Diversity Thought Leadership

The Role of Communications in the Supreme Court’s Landmark Ruling for LGBTQ Workplace Rights

For more than 10 years, Gerald Lynn Bostock worked as a child-welfare-services coordinator for Clayton County, Ga., advocating for victims of child abuse and neglect in Atlanta’s juvenile-courts system. He was fired in June 2013 after joining a gay men’s softball league and using his expense account to take clients to lunch at restaurants that displayed rainbow flags, he said.

Bostock sued Clayton County for discrimination. The case — Bostock v. Clayton County — went all the way to the U.S. Supreme Court, eventually resulting in its landmark ruling on this past June 15 that LGBTQ workers are protected under federal law. The court held that Title VII of the Civil Rights Act of 1964 protects employees from being discriminated against based on their sexual orientation or gender identity. Prior to the ruling, it was legal in more than half of the states in the United States to fire workers for being gay, bisexual or transgender.

Megan Paquin, APR, is vice president of Poston Communications in Atlanta, a PR firm that serves as communications counsel for Bostock. Along with Bostock himself and his legal counsel, Tom Mew of Buckley Beal, Paquin was a panelist on PRSA’s Aug. 26 webinar “LGBTQ Workplace Discrimination: The Road to the Supreme Court,” part of PRSA’s ongoing Diverse Dialogues series.

Helping tell Bostock’s story “was a unique communications challenge because of the patchwork of laws that existed in our country [at the time], where you could be fired in some places simply for being who you are, but not in others,” Paquin said. “It was clear to us that there was an awareness issue at play” in a matter of public concern.

Building a plan

To start the campaign, Paquin and her colleagues built a communications plan based on what they knew about the underlying case, and helped prepare Bostock to communicate “publicly about something that happened to him personally,” she said.

Working with a former investigative correspondent for NBC News, Paquin and her team gave Bostock and his legal counsel in-depth media training “to make sure that they would understand what it was like to be in front of the camera,” and how to convey emotions “in a way that people could really understand and [thus] humanize the issue.”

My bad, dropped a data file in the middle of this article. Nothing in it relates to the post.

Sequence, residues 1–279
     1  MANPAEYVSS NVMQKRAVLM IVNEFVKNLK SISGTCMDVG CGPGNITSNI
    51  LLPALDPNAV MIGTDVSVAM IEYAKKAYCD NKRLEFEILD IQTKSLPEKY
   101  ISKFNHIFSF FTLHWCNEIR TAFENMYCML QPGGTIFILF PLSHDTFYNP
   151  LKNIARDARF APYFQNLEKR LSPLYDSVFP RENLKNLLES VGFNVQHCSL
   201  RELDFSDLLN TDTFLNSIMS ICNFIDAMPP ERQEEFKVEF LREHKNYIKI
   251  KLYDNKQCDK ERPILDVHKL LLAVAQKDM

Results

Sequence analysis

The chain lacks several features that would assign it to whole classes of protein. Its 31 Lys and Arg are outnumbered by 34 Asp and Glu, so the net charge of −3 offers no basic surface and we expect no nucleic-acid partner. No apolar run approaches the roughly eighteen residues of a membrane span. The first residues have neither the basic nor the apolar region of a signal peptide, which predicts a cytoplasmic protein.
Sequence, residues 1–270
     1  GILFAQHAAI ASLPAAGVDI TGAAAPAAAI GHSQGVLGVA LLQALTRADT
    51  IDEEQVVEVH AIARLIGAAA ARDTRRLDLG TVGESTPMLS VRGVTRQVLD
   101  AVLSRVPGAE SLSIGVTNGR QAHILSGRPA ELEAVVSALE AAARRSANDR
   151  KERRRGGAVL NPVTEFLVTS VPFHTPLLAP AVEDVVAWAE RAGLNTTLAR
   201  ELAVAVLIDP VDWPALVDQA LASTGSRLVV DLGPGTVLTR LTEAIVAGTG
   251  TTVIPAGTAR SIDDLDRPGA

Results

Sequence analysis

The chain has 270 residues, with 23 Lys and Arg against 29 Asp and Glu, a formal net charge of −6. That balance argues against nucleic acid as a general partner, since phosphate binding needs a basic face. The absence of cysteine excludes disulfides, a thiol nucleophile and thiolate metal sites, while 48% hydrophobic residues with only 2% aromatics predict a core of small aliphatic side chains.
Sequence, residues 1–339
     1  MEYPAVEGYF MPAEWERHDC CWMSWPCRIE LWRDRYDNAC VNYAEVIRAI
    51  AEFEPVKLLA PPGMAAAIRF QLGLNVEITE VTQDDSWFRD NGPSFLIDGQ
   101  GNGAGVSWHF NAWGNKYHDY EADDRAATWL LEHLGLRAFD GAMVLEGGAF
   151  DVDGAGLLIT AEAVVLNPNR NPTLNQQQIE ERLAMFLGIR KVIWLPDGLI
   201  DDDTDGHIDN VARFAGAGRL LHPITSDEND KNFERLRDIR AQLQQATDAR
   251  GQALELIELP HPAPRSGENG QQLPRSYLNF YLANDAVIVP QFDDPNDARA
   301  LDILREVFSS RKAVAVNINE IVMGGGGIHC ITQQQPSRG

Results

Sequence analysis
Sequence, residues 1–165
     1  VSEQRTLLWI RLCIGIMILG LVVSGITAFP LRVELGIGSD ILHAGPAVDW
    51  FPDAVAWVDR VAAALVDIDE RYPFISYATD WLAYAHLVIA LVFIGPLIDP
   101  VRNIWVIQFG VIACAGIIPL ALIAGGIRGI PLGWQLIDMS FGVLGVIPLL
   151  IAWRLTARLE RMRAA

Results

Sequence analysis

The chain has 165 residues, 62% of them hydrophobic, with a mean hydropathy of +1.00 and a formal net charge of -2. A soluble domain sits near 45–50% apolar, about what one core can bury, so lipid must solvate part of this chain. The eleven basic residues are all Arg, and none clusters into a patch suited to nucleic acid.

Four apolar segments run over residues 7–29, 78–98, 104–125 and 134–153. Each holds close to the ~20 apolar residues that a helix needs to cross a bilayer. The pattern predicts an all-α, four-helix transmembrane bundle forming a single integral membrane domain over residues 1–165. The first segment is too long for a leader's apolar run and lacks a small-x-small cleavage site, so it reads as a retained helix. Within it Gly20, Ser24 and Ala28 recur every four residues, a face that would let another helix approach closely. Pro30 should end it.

For the PR team, a pivotal moment arrived when they sat down with reporter Adam Liptak of The New York Times. “He really got it,” Paquin said. Liptak understood how workplace discrimination against LGBTQ individuals “was impacting people all across the country.” After Liptak’s story ran on the front page, “things started moving really quickly,” Paquin said.

She and her colleagues worked together with their “great communications partners at the American Civil Liberties Union, which I just can’t say enough wonderful things about,” Paquin said. The Supreme Court press corps was “wonderful and collegial” in its coverage of the story, she said.

“As public relations professionals, we really need to lean into this type of communication and make it a part of our daily conversation,” Paquin said of workplace discrimination and other social issues. She urged PR pros to feel empowered and to “be the person at the table saying, ‘This is wrong, and we need to speak out about it.’”

Del Galloway, APR, Fellow PRSA, senior vice president of communications for Wells Fargo’s Atlantic Region and chair of PRSA’s ICON 2020 on Oct. 26–29, moderated the webinar. “Public relations has the potential to have an incredible impact on issues like this, and many others,” he said.

Greg Beaubien is a frequent contributor to PRSA publications.

Photo credit: bill clark

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Greg Beaubien

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